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Social Cash Transfer houses 13-member family

By Aliko Munde

MPOWERED—Mphande and Nyamwase in front of their newly built house

While some Social Cash Transfer Programme beneficiaries spend all the money on food, Zikwenda Mphande has been saving and investing it in fixed assets to fulfill his dream of becoming financially independent.

Mphande, 57, from Fwayafwaya Village in Traditional Authority (TA) Timbiri in Nkhata Bay now lives in a decent four bed-roomed house courtesy of the safety net programme targeting the ultra-poor.

“I had been living in a grass-thatched house which sometimes leaked during rainy season for years.

“So, when I was listed as a beneficiary of the programme, I discussed with my wife to invest part of the money and build a better house,” Mphande says.

Due to some technical hiccups, Mphande did not receive his monthly stipend for seven months.

“It was a blessing in disguise as we later received money amounting to K56,000. We agreed to build a bigger house because the one we had was too small for a family of 13.

“We used the K56,000 to pay a bricklayer,” Mphande says.

Mphande’s wife, Dolasi Nyamwase, chips in and says after building the house, the family started buying iron sheets from the monthly K8,000 stipend until they managed to buy 37 32-gauge iron sheets.

From this rainy season, the family is no longer living in a house whose roof leaks courtesy of the Social Cash Transfer Programme.

“We are remaining with plastering and flooring. We hope government will increase the monthly stipend to enable us to buy cement and complete the house within a few months,” Nyamwase says.

To multiply the money received from the programme, Mphande says he joined Tigwilizane Village Bank which has 21 members comprising eight men and 13 women.

“We meet weekly and every member brings a minimum share of K200. But most of the times I share K500 and if the meeting coincides with social cash transfer payments, I share even K5,000,”Mphande says.

He says the village bank is good because it enables the family to save and multiply the money it gets from the programme.

“Soon we are going to share dividends and I want to buy cement to floor our house,” Mphande says.

Meanwhile, Mphande is also into cassava farming and commercial mat making. He attributes all the initiatives to the programme saying it opened up his eyes to always think about how to make money.

“I salute government for introducing the programme; it is uplifting lives of many people.

“We used to eat one meal a day but now we are able to eat three meals.

“My children and grandchildren no longer go to school on an empty stomach and have started doing well in class,” Mphande says.

His success story is in line with the programme’s objective to economically empower ultra-poor families.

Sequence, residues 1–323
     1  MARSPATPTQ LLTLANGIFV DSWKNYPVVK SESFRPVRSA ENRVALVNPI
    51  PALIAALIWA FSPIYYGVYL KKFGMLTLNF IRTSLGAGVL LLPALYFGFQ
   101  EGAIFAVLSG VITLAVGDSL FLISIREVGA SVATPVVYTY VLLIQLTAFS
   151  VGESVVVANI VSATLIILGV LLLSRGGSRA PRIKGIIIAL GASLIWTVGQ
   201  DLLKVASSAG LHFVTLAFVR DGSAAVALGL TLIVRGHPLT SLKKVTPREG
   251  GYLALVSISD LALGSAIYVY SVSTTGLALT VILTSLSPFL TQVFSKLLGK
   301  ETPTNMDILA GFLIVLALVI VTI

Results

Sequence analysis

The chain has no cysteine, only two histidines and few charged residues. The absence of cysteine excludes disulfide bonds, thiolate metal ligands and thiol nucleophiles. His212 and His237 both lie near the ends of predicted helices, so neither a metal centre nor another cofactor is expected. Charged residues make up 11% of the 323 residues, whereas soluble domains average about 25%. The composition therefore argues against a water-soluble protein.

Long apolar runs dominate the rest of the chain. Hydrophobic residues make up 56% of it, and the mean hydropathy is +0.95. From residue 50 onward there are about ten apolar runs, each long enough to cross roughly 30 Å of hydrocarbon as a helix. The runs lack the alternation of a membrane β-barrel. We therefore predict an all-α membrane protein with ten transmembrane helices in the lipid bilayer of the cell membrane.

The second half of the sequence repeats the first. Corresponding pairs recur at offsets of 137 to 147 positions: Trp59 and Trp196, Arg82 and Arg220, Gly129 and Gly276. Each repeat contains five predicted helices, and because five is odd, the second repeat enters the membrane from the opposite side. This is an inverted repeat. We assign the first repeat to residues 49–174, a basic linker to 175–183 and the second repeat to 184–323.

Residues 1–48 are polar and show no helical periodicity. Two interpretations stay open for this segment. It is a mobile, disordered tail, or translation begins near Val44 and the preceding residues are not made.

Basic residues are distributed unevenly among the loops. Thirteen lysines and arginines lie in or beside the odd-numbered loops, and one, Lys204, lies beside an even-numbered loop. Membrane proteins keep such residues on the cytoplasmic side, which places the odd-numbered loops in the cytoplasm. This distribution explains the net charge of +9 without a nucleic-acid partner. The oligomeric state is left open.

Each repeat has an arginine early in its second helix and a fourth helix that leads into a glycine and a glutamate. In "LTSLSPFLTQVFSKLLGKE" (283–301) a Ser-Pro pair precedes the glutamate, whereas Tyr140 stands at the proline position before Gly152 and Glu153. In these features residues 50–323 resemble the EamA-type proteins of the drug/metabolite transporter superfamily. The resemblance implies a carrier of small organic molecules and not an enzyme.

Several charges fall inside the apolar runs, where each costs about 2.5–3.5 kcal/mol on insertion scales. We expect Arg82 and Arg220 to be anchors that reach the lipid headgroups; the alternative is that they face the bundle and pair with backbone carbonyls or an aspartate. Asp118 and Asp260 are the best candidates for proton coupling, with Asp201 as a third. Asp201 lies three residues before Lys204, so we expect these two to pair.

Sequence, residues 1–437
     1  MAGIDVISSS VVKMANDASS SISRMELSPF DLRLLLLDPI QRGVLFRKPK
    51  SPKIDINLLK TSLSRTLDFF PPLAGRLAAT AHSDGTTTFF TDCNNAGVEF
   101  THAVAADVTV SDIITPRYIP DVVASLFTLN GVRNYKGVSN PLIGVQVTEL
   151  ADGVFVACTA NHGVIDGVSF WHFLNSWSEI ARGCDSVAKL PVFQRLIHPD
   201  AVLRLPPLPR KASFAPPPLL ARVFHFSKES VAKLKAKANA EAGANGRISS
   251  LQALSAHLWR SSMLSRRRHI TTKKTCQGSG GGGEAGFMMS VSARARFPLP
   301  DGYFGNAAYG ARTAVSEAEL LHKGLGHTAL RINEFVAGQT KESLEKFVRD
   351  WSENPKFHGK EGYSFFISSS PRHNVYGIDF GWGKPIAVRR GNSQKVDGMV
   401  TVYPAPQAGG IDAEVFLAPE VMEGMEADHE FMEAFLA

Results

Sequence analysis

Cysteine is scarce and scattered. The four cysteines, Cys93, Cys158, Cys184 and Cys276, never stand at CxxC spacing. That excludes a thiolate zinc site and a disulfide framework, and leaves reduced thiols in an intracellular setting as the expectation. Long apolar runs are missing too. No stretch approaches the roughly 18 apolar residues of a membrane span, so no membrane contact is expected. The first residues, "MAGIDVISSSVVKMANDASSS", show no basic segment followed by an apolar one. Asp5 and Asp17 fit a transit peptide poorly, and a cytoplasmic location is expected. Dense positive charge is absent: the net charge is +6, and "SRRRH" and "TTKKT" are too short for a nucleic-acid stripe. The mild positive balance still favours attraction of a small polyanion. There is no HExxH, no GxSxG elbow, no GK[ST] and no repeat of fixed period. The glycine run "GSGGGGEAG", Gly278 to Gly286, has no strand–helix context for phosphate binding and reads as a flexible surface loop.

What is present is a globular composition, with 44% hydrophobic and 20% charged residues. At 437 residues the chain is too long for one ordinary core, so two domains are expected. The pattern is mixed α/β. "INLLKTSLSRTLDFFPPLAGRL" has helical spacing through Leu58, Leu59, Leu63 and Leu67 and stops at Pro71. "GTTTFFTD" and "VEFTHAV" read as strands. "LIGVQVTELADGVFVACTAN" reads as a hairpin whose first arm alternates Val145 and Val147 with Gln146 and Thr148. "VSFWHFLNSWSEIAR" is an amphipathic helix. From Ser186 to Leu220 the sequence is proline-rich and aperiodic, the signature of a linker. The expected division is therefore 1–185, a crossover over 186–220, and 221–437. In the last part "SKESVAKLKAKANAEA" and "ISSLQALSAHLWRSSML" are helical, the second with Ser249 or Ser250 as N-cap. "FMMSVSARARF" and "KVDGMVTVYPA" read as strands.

The programme was introduced to fulfill Sustainable Development Goal II which is to end hunger, achieve food security and improved nutrition and promote sustainable agriculture.

A 2016-2017 Integrated Household Survey Report states that 50.7 percent of Malawi’s population lives below the poverty line and 25 percent are in extreme poverty.

The survey’s findings are not surprising as the country ranks so low on the World Human Development Index at 170 out of 188 countries and territories.

In its quest to savage the situation, Malawi Government embarked on the various social support programmes targeting a diverse range of beneficiaries.

SKILLED—Mphande is busy weaving a mat

As some initiatives target strong and energetic community members others, such as the Social Cash Transfer Programme, are only meant for ultra-poor and labour-constraint households.

The programme is under Malawi Social Action Fund (Masaf)-IV and has been in existence for 12 years. It was initially piloted in selected districts until 2018 when it spread to the rest of the country.

Many beneficiaries of the safety net initiatives like social cash transfer and Productive Public Works Programme have success stories to tell.

Some have acquired household items like furniture and electric appliances while others rear livestock such as pigs and goats which have improved livelihoods.

The programme, which is being financed by the World Bank through the National Local Government Finance Committee (NLGFC), formerly Local Development Fund, started in February 2015 in all Nkhata Bay’s 13 TAs.

“The main objective of this programme is to alleviate poverty and hunger in the targeted households,” says the district’s Social Cash Transfer Coordinator Abel Ndhlovu.

“We also look at improving health, nutrition and education conditions of children living in those households,” adds Ndhlovu, who is also Principal Social Welfare Officer.

He concurs with Nyamwase saying the money given to beneficiaries is not enough to meet high economic costs as a household on average receives K7,500 per month.

“Even the number of households benefiting from the programme [in Nkhata Bay] is low as currently we have 5,603 households.

“The other challenge has to do with money transfers; it takes months for the households to receive their money which affects savings for those who joined village banks,” Ndhlovu says.

NLGFC’s Nkhata Bay District Projects Officer Eric Jelenje says Mphande’s achievement is impressive and calls on other beneficiaries who just receive and spend the money on consumables to start investing as well.

“Mphande’s family deserves a pat on the back. Others should learn from it and start saving and investing to make more money.

“I encourage the beneficiaries to join savings and investment groups in their communities which are given grants and business training under Masaf-IV’s Livelihood and Skills Development component,” Jelenje says. —Mana

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